The administration has argued that Congress intended to offer the subsidies nationwide to low-and middle-income people who bought insurance through an exchange, without making a distinction.”
“Senate Majority Leader Harry Reid said Monday that Democrats will take up legislation in the “coming weeks” to address last month’s Supreme Court decision that allowed some employers with religious objections to opt out of Obamacare’s contraception mandate.
Democrats on Capitol Hill have overwhelmingly criticized the high court’s ruling in the Hobby Lobby case and are working to craft a response that would restore the coverage, though no specifics have yet been outlined.”
“WASHINGTON — More than half of privately insured women are getting free birth control under President Barack Obama’s health law, a major coverage shift that’s likely to advance.
This week the Supreme Court allowed some employers with religious scruples to opt out, but most companies appear to be going in the opposite direction.
Recent data from the IMS Institute document a sharp change during 2013. The share of privately insured women who got their birth control pills without a copayment jumped to 56 percent, from 14 percent in 2012. The law’s requirement that most health plans cover birth control as prevention, at no additional cost to women, took full effect in 2013.”
“WASHINGTON — The Obama administration, reeling from back-to-back blows from the Supreme Court this week, is weighing options that would provide contraceptive coverage to thousands of women who are about to lose it or never had it because of their employers’ religious objections.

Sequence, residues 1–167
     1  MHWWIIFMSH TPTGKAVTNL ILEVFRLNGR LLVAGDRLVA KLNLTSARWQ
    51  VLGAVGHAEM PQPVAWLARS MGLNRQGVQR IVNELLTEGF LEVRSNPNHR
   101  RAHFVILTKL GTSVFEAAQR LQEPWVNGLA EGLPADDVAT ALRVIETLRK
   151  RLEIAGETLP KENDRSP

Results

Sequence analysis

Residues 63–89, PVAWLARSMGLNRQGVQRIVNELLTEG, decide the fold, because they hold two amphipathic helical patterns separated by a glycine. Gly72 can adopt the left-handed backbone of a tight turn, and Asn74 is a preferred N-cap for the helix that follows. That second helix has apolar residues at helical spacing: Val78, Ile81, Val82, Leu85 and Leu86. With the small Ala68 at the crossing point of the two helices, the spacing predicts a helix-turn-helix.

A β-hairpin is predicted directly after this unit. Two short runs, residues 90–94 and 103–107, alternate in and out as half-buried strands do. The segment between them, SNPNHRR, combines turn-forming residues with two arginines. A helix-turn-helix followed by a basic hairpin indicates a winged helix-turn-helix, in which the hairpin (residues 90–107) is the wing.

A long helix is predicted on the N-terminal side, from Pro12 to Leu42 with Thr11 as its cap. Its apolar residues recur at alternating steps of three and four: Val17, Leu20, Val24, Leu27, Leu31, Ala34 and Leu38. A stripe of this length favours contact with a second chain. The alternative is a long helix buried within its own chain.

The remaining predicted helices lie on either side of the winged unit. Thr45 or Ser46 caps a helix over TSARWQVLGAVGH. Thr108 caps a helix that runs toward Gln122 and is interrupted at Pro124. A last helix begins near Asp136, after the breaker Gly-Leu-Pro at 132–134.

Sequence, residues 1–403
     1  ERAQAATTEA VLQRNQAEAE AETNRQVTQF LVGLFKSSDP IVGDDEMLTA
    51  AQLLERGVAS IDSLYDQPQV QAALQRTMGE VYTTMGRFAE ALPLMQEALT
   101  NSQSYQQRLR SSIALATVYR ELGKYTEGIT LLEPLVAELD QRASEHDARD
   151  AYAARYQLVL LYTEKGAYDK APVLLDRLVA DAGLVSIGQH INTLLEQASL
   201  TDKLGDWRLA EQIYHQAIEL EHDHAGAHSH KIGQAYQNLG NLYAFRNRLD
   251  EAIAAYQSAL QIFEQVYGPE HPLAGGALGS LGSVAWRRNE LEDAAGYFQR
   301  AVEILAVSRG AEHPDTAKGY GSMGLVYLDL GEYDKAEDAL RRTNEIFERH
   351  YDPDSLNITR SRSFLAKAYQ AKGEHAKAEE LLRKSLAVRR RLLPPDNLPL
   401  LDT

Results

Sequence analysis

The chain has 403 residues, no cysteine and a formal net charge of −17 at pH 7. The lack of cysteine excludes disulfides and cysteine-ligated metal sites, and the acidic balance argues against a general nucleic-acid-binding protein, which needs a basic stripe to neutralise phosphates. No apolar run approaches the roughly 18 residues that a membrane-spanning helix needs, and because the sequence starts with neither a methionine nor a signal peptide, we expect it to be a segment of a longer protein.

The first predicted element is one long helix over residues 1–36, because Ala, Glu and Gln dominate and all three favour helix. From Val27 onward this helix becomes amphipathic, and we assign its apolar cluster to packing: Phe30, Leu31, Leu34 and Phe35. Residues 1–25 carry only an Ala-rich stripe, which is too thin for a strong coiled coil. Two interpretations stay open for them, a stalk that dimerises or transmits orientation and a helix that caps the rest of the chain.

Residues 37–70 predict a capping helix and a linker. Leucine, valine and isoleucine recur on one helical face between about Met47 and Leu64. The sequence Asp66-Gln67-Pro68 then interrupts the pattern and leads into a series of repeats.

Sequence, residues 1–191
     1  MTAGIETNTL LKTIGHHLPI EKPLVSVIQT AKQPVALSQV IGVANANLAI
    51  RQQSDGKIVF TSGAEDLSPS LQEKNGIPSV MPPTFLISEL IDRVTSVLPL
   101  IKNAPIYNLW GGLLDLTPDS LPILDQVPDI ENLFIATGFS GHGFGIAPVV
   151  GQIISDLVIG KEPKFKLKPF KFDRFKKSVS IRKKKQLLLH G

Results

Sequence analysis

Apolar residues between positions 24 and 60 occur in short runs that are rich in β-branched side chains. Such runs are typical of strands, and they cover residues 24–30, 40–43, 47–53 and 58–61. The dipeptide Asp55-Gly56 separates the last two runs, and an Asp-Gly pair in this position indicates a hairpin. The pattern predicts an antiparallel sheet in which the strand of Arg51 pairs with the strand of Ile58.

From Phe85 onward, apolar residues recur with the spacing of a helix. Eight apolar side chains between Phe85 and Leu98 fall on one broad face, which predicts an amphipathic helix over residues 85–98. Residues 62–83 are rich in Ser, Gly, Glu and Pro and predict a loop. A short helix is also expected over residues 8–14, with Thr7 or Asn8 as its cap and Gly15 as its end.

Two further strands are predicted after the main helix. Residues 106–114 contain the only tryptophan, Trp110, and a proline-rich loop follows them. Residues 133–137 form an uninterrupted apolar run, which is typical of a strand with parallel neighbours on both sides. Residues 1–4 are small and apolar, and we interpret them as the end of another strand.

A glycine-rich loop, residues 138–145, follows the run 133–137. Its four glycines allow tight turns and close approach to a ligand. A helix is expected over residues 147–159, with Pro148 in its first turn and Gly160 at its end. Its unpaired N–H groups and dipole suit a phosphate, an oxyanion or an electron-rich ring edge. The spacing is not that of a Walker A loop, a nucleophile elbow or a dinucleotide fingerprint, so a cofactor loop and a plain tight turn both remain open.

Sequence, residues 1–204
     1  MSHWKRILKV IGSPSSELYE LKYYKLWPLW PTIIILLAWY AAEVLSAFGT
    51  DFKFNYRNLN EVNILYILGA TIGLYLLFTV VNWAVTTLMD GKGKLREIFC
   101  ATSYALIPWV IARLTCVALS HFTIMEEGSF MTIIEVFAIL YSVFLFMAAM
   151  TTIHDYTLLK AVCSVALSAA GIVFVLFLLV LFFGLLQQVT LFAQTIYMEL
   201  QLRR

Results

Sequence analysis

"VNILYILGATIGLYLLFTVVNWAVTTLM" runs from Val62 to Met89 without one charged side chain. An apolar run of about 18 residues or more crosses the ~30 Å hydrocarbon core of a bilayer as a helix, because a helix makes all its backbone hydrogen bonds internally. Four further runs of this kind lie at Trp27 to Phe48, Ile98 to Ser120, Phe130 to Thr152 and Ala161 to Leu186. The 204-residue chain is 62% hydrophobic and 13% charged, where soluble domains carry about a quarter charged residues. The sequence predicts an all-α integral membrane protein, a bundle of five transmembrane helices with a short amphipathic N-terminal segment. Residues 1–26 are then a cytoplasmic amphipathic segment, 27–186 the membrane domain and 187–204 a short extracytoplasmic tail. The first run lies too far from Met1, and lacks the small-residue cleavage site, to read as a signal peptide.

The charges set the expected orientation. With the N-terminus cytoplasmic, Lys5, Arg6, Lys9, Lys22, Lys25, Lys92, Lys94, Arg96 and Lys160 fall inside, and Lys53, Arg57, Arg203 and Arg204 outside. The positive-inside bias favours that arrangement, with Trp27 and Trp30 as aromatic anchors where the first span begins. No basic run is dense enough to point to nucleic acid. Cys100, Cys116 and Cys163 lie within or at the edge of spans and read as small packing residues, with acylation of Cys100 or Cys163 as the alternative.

The administration must move fast. Legal and health care experts expect a rush to court involving scores of employers seeking to take advantage of the two decisions, one involving Hobby Lobby Stores, which affects for-profit businesses, and the other on Wheaton College that concerns religiously affiliated nonprofit groups. About 100 cases are pending.
One proposal the White House is studying would put companies’ insurers or health plan administrators on the spot for contraceptive coverage, with details of reimbursement to be worked out later.”
“The Supreme Court’s decision Monday saying that “closely held corporations” do not have to abide by the contraceptive coverage mandate in the Affordable Care Act may not give those firms the ability to stop providing that coverage after all.
More than half the states have “contraceptive equity” laws on the books that require most employers whose health insurance covers prescription drugs to also cover FDA-approved contraceptives as part of that package. Unlike the ACA, those laws do not require that coverage to be available without deductibles or co-pays.”
“If you offer it, will they come? Insurers and some U.S. senators have proposed offering cheaper, skimpier “copper” plans on the health insurance marketplaces to encourage uninsured stragglers to buy. But consumer advocates and some policy experts say that focusing on reducing costs on the front end exposes consumers to unacceptably high out-of-pocket costs if they get sick. The trade-off, they say, may not be worth it.
“It’s a false promise of affordability,” says Sabrina Corlette, project director at Georgetown University’s Center on Health Insurance Reforms. “If you ever have to use the plan, you won’t be able to afford it.””
“It wasn’t supposed to work this way, but since the Affordable Care Act took effect in January, Norton Hospital has seen its packed emergency room become even more crowded, with about 100 more patients a month.
That 12 percent spike in the number of patients — many of whom aren’t actually facing true emergencies — is spurring the Louisville hospital to convert a waiting room into more exam rooms.”